Cast confirmed for Brian Friel’s Translations at National Theatre
Ciaran Hinds has joined the cast of Brian Friel’s Translations at the National Theatre, alongside the previously announced Colin Morgan.
The play explores the fraught relationship between England and Ireland through the lens of one community.
Alongside Morgan and Hinds – currently appearing in Girl From the North Country – the cast will also feature Dermot Crowley, Aoife Duffin, Adetomiwa Edun, Michelle Fox, Laurence Kinland, Seamus O’Hara, Judith Roddy and Rufus Wright.
The revival runs in the Olivier from May 22, with press night on May 30, and is directed by Ian Rickson.
It has design by Rae Smith, lighting by Neil Austin, sound by Ian Dickinson and music by Stephen Warbeck.
The National Theatre has also announced that Rufus Norris’ Macbeth, which opens for previews next week, will tour the UK following its London run.
The production is led by Rory Kinnear and Anne-Marie Duff, however the touring cast is yet to be confirmed.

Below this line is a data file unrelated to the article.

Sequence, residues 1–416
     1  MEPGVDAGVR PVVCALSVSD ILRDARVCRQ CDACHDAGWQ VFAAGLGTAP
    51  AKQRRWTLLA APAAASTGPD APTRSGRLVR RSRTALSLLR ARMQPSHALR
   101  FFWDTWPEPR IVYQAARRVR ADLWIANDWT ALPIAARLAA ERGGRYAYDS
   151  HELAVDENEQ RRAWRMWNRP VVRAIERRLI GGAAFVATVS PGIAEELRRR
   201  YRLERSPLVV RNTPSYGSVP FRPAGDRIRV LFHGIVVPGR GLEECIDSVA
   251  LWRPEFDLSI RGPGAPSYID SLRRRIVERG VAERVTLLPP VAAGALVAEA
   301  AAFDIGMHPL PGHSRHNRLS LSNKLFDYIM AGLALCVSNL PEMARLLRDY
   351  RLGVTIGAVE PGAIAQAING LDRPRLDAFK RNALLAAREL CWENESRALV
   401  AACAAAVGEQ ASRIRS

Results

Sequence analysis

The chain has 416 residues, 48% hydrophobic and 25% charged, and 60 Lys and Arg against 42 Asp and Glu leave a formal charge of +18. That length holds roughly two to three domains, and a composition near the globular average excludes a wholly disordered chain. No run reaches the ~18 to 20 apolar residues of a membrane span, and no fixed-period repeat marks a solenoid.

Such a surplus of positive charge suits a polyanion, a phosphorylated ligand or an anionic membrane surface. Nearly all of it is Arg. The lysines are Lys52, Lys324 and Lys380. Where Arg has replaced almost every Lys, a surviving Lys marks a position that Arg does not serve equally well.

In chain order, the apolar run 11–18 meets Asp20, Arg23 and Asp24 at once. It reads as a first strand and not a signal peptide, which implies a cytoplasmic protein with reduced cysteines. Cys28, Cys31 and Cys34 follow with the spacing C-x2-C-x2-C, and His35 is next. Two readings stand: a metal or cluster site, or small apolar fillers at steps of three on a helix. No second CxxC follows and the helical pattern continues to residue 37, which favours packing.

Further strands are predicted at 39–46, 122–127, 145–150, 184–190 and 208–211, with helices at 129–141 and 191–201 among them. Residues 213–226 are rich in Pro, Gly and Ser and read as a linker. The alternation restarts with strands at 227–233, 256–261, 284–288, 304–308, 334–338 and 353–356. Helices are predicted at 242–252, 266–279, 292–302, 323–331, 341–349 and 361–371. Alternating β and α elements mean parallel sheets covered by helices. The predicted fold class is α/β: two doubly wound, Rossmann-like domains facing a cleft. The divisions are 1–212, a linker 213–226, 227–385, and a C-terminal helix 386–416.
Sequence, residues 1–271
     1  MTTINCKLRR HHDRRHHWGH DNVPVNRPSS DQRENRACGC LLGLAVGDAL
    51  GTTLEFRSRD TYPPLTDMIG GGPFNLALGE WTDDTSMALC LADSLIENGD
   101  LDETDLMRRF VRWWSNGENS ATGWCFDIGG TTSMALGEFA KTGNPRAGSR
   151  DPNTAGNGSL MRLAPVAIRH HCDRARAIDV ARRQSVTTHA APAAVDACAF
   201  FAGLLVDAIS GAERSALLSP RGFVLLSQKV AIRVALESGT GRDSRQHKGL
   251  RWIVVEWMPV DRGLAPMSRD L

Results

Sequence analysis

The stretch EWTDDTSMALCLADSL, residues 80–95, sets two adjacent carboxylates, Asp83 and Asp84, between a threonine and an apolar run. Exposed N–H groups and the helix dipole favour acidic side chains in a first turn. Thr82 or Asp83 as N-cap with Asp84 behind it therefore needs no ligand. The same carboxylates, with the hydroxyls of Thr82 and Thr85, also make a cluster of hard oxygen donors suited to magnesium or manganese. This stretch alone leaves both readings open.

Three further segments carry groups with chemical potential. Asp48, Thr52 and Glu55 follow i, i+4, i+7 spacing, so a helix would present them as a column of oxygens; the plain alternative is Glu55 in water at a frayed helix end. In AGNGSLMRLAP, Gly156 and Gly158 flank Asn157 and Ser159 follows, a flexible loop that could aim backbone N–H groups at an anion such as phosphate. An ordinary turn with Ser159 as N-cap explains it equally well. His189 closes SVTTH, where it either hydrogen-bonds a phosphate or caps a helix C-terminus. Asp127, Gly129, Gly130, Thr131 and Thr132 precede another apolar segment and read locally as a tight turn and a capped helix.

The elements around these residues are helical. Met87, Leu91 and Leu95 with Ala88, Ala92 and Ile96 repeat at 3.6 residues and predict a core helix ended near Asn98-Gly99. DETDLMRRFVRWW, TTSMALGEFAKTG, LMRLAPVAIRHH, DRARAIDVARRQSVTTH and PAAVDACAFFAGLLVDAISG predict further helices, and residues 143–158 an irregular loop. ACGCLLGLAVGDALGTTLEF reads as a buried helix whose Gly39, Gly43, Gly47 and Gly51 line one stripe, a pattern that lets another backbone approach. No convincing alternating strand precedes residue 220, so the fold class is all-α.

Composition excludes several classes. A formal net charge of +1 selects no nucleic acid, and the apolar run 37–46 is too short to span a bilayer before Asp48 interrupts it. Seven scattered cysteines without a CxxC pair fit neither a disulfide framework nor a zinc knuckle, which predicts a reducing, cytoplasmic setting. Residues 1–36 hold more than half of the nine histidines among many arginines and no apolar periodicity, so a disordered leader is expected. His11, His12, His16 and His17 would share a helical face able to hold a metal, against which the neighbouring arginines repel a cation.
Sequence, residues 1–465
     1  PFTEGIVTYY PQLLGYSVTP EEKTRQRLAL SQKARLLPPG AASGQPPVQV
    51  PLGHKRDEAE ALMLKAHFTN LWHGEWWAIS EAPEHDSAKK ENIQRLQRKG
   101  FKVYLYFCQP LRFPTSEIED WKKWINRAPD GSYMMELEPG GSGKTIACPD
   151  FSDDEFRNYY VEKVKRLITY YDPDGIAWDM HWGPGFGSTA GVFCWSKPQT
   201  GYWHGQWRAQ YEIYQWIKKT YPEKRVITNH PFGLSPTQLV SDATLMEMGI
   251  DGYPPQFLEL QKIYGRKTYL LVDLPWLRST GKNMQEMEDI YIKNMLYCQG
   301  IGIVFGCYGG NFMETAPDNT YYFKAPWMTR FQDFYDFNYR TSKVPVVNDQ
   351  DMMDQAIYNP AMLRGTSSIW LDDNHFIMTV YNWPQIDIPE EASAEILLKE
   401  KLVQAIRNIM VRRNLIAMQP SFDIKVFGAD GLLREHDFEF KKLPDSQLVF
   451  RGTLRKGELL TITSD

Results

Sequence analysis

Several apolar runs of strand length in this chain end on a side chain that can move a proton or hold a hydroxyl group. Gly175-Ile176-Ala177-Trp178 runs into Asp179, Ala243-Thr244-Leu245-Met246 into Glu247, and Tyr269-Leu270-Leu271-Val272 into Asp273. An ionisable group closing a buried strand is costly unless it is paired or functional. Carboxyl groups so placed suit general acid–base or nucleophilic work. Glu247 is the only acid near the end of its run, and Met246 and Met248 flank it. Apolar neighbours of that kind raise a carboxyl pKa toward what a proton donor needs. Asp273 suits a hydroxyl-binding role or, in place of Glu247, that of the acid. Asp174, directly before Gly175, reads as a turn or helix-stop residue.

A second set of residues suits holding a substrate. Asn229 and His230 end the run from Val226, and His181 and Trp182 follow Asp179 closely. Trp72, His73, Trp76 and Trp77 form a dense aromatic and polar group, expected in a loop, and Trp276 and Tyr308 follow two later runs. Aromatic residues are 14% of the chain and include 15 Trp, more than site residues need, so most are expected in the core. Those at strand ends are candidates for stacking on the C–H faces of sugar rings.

The tour will visit 18 venues from September, running until March 2019.
Casting for several other forthcoming productions has also been confirmed, including Eric Kofi Abrefa and Thalissa Teixeria joining Vanessa Kirby in Julie, a contemporary version of Miss Julie, by Polly Stenham.
The original cast of Branden Jacobs-Jenkins’ An Octoroon, which ran at the Orange Tree Theatre in Richmond, will reprise their roles for the show’s transfer to the National Theatre in June.
Ken Nwosu leads a cast that also includes Kevin Trainor, Alistair Toovey, Vivian Oparah, Emmanuella Cole, Cassie Clare, Celeste Dodwell, Iola Evans and James Douglas.
We need your help…
When you subscribe to The Stage, you’re investing in our journalism. And our journalism is invested in supporting theatre and the performing arts.
The Stage is a family business, operated by the same family since we were founded in 1880. We do not receive government funding. We are not owned by a large corporation. Our editorial is not dictated by ticket sales.
We are fully independent, but this means we rely on revenue from readers to survive.
Help us continue to report on great work across the UK, champion new talent and keep up our investigative journalism that holds the powerful to account. Your subscription helps ensure our journalism can continue.